Introduction to UITFs
September 28, 2006
UITF stands for Unit Investment Trust Fund. The product is fairly simple on paper: the funds of several people are combined by an administrator and collectively invested into particular assets. As the assets gain or lose in market value, the individuals who pooled their funds either accrue the gains or absorb the loss. In exchange for structuring the fund, fees are charged to the individuals by the administrator.
UITF is literally a collective fund. The nature of this instrument is that of a “trust” product. This means that the entity offering the UITF (i.e., the trustee) administers the fund in behalf of the individuals (i.e., trustors) whose resources have been combined into the fund. There is no guaranteed return for this product because the underlying investments of the fund can make or lose money.
UITFs are what we call “open-ended funds” which means that the institution offering the fund can continue to pool the resources of as many investors who may be interested to invest in the fund. Redemptions — individuals selling off their UITF holdings — are allowed anytime. To keep track of these inflows and outflows, participation into the fund is conveniently measured in “units”. The current value of each unit is referred to as Net Asset Value Per Unit (NAVPu). This makes it easy for investors to know the market value of their investment since they only have to multiply the number of “participation units” they purchased by the NAVPu.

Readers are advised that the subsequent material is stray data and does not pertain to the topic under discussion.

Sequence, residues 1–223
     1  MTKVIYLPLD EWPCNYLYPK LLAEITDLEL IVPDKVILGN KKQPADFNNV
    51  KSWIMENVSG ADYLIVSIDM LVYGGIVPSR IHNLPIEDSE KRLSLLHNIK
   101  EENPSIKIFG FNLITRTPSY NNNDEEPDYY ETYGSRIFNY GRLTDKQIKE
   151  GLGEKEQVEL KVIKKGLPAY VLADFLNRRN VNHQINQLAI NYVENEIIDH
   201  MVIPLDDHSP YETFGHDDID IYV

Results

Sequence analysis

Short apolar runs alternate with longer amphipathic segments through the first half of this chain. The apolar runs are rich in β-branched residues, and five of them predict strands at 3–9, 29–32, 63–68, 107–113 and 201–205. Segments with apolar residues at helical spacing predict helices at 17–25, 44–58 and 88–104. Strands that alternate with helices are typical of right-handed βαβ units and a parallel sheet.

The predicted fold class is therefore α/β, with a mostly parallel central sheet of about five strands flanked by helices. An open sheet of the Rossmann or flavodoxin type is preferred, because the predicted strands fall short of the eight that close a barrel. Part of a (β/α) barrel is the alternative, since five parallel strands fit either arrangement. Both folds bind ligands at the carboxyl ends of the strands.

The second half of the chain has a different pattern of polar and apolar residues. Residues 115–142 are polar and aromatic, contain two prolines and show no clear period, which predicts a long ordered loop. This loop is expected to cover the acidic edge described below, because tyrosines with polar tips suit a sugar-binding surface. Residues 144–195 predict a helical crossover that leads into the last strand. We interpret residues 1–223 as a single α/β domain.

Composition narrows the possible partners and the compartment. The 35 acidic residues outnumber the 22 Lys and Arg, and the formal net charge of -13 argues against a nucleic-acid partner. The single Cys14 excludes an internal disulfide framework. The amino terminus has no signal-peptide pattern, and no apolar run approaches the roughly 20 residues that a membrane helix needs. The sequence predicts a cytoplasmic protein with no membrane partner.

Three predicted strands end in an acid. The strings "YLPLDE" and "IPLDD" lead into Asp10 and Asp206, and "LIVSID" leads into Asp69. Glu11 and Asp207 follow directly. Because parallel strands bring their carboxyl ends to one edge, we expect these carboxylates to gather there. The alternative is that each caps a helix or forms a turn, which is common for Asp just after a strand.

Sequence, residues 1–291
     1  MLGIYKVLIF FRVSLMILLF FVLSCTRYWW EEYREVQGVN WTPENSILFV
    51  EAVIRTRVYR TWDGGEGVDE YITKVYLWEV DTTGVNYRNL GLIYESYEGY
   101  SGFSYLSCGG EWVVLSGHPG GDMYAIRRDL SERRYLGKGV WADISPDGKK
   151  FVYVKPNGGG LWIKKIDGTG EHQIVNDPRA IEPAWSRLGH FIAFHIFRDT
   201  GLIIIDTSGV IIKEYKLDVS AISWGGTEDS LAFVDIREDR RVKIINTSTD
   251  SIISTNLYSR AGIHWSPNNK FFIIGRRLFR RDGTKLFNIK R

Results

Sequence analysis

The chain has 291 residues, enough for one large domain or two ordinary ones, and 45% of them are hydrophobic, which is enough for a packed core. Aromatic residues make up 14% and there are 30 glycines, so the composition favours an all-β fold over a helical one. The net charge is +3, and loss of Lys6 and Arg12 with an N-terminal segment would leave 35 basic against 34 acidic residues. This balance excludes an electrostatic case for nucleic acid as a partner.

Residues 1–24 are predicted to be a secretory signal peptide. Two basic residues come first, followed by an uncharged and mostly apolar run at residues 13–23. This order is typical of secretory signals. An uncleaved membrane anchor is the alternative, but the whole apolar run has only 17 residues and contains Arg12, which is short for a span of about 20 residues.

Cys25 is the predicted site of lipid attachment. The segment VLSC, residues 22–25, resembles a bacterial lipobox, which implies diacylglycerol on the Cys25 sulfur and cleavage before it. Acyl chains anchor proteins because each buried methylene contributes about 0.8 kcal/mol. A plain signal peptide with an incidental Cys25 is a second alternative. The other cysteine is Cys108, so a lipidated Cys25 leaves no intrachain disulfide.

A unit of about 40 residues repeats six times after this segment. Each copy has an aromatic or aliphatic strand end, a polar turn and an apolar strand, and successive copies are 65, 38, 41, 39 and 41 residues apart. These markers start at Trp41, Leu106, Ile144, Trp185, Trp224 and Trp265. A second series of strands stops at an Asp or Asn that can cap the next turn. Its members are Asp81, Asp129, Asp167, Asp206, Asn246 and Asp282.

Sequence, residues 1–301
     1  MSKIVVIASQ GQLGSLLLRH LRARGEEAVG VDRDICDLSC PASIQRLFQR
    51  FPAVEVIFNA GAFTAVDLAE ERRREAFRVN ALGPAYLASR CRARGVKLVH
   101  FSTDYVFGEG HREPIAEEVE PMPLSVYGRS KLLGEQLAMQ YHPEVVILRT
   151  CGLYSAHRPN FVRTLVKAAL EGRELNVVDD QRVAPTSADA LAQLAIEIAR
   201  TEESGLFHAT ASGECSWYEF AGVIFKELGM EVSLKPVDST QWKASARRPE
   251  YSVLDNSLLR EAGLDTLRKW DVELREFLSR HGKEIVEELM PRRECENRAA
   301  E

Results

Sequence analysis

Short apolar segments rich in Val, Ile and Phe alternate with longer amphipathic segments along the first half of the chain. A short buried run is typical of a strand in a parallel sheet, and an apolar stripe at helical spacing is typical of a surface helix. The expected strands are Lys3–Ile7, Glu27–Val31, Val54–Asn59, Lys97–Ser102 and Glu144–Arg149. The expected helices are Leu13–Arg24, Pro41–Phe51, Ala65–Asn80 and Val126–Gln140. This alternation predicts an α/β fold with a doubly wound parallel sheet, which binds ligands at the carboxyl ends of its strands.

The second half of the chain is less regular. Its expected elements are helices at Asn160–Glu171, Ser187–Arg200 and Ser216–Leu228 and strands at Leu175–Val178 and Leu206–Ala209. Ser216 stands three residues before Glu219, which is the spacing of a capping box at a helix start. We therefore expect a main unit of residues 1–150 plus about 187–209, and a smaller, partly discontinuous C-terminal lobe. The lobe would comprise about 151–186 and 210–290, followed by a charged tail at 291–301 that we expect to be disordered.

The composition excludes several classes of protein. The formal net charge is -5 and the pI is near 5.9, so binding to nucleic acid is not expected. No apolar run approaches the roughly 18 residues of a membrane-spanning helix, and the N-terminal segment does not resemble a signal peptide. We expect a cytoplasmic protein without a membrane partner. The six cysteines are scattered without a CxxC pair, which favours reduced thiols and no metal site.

UITFs are regulated by the Bangko Sentral ng Pilipinas (BSP, the Manila central bank) under Circular 447. Only BSP-accredited trust entities are allowed to offer and administer UITFs. There are several types of UITFs from which the interested investor can choose. There are UITFs that invest in shares of stocks only, bonds only or money market instruments only. There are also “balanced funds” which invest into a more diversified portfolio of assets. Investors can also pick whether the fund restricts itself to assets that are denominated only in either Philippine Pesos or US Dollars.
So on the whole, investors are faced with three levels of choices in purchasing a UITF: (a) from which trust entity do they purchase the UITF; (b) what instruments they want the UITF to buy; and (c) in what currency.
- From "What you should know about UITFs" by Johnny Noe Ravalo, published in http://www.inq7.net/
[tags]UITF, UITFs, Unit Investment Trust Funds, UITF philippines, UITF primer, Bangko Sentral ng Pilipinas, Inquirer, Philippine Daily Inquirer, NAVP, NAVPS, NAVPu, UITF NAVPu, Net Asset Value per unit[/tags]
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